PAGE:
Interestingly triclosan was not approved by the European Commission as an active substance for use in biocidal products for product-type 1 and TCS was banned from all human hygiene biocidal products starting January 2017. 4
Whilst Triclosan is banned in Europe, in part in the US and Japan it is no surprise that triclosan is permitted for use in Australian products. Frustrating I know. I too, wish that there was more accountability and transparency with our regulatory agencies.
In an article for the ABC News 2016,5 Aldi, Woolworths and Johnson & Johnson that previously distributed soaps containing triclosan, have now eliminated the use of triclosan from their products. One would expect this move is likely to be a matter of maintaining the export of their products to the US, and vice versa and not entirely because they are concerned about consumer health.
Given the common use of antibacterial soaps, microbiologists agree that Australia should follow the US and ban triclosan. The United States FDA agreed that health concerns from scientists showed long-term exposure to these chemicals can promote antibiotic resistance, triclosan can disrupt hormones and it can potentially cause cancer. This precipitated the ban of triclosan in the US.
How else does this apply to Australia?
But what about the Australian-made antibacterial soaps that still contain triclosan? Yes, there are far fewer brands of soap and hand sanitizer that contain triclosan than there used to be, there are still some though. It is unlikely a similar ban could be imposed here because there is no Australian equivalent of the FDA with the jurisdiction to review and approve chemical products.6
In fact, the term ‘anti-bacterial’ agent is not supported with a TGA standard testing procedure, as disinfectants and sterilants are (TGO 54),7 against which the ACCC (Australian Competition Consumer Commission) could prosecute a manufacturer for misleading advertising. Therefore, always read the product labels and Safety Data Sheets carefully to see if contains triclosan.
At this point, it’s probably best to think of this product as asbestos. It was used in almost every product out there and it took a long time for us to find out just how harmful it was.
When I look online for which brands contain triclosan it is unclear how up to date these product/brand lists are. To avoid naming brands (BIG brands) that may have dropped the chemical in the last couple of years I will have to leave the task with you – to check your purchases thoroughly.
Remember we aren’t just talking about soap and sanitizers here – you will need to check your toothpaste, make-up, medications, toys, clothing, furniture and all the items I outlined initially. Knowing of course that sadly certain areas of manufacturing are not required to list chemicals such as triclosan, so more than ever – it’s best to lean towards brands you know to be ethical.
1 M. McMillen 07/09/2018. Banned From Soap, Is Triclosan Still a Concern? Medscape: WebMD Health News. [Online: Available] https://www.medscape.com/viewarticle/899074
2 Weatherly LM, Gosse JA. Triclosan exposure, transformation, and human health effects. J Toxicol Environ Health B Crit Rev. 2017;20(8):447–469. doi:10.1080/10937404.2017.1399306
3 Kux L 2016. “Federal Register” Vol. 81 No. 126 https://www.gpo.gov/fdsys/pkg/FR-2016-06-30/pdf/2016-15410.pdf. [Google Scholar]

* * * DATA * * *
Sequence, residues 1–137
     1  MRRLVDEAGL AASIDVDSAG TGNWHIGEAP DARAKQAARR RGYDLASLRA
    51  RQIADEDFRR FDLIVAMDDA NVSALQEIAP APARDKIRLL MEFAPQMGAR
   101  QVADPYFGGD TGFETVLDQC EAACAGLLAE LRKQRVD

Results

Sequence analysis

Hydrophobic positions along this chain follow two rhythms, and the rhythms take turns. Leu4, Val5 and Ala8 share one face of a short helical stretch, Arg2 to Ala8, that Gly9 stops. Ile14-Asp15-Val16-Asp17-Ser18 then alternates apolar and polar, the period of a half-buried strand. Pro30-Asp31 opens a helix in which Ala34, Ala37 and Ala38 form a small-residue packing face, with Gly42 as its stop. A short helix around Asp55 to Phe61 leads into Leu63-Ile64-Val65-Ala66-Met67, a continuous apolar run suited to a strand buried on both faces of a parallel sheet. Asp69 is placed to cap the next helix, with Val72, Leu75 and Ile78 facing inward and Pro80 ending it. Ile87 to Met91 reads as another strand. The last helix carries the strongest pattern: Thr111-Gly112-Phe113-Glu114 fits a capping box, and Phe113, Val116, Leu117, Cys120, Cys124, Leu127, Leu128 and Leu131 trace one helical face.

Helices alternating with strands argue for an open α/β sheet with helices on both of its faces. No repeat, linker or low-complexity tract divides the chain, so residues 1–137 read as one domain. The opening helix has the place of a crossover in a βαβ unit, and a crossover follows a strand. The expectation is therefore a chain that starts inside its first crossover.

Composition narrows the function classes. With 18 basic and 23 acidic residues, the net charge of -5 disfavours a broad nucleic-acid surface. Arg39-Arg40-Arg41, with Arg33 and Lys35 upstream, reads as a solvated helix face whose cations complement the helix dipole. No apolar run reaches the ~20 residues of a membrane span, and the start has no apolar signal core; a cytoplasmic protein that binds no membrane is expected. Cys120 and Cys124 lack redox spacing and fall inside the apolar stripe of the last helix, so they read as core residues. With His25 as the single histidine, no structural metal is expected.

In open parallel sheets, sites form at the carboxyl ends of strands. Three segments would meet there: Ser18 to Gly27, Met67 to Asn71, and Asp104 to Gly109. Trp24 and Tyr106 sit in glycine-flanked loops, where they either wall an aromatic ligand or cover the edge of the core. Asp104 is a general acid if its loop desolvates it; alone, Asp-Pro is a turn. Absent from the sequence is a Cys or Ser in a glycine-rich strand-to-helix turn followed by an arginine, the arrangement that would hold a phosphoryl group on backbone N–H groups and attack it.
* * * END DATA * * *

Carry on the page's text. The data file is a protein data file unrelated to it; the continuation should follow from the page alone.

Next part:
4 Juncker J-C. 2016. Commission implementing decision not approving triclosan as an existing active substance for use in biocidal products for product-type 1. In 528/2012, edited by Union European. Brussels: Jean-Claude Juncker. [Google Scholar]
5 Antibacterial soap in spotlight as companies clamber to remove ineffective chemicals after US ban. Nicole Chettle. https://www.abc.net.au/news/2016-11-20/antibacterial-soaps-in-spotlight-as-companies-remove-chemicals/8040054
6 B. Gardener 2017. Does the FDA Antibacterial Soap ban apply in Australia? Inclean Magazine January 2017. https://www.freshgreenclean.com.au/will-the-antibacterial-soap-ban-affect-australia/
7 Department of Health 2020.Disinfectants, sterilants and sanitary products. Australian Government: Department of Health – Therapeutic Goods Administration.[Online: Available] https://www.tga.gov.au/disinfectants-sterilants-and-sanitary-products
8 Sandy Bauers, “,” Philadelphia Inquirer”, June 9, 2013.
9 Kevin M. Crofton, Katie B. Paul, Michael J. DeVito, Joan M. Hedge, “Short-term in vivo exposure to the water contaminant triclosan: Evidence for disruption of thyroxine,” Environmental Toxicology and Pharmacology 24 (2007) 194–197
10 Leah M. Zorrilla, Emily K. Gibson, Susan C. Jeffay, Kevin M. Crofton, Woodrow R. Setzer, Ralph L. Cooper, and Tammy E. Stoker, “The Effects of Triclosan on Puberty and Thyroid Hormones in Male Wistar Rats,” Toxicological Sciences, October 21, 2008
11 Kumar V, Chakraborty A, Kural MR, Roy P., “Alteration of testicular steroidogenesis and histopathology of reproductive system in male rats treated with triclosan,” Reproductive Toxicology, April 27, 2009
12 Natural Resources Defense Council, “Not Effective and Not Safe: The FDA Must Regulate Dangerous Antimicrobials in Everyday Products Facts,” April 2010
13 U.S. Food and Drug Administration, Safety and Effectiveness of Consumer Antiseptics; Topical Antimicrobial Drug Products for Over-the-Counter Human Use; Proposed Amendment of the Tentative Final Monograph; Reopening of Administrative Record, Federal Register, federal agency proposed rule, proposed December 17, 2013.
14 Centers for Disease Control, Fourth National Report on Human Exposure to Environmental Chemicals, Accessed August 5, 2010
15 Chenxi Wu, Alison L. Spongberg, Jason D. Witter, Min Fang, and Kevin P. Czajkowski, “Uptake of Pharmaceutical and Personal Care Products by Soybean Plants from Soils Applied with Biosolids and Irrigated with Contaminated Water”, Environmental Science and Technology, July 21, 2010, Accessed August 5, 2010
16 Chenxi Wu, Alison L. Spongberg, Jason D. Witter, Min Fang, and Kevin P. Czajkowski, “Uptake of Pharmaceutical and Personal Care Products by Soybean Plants from Soils Applied with Biosolids and Irrigated with Contaminated Water”, Environmental Science and Technology, July 21, 2010, Accessed August 5, 2010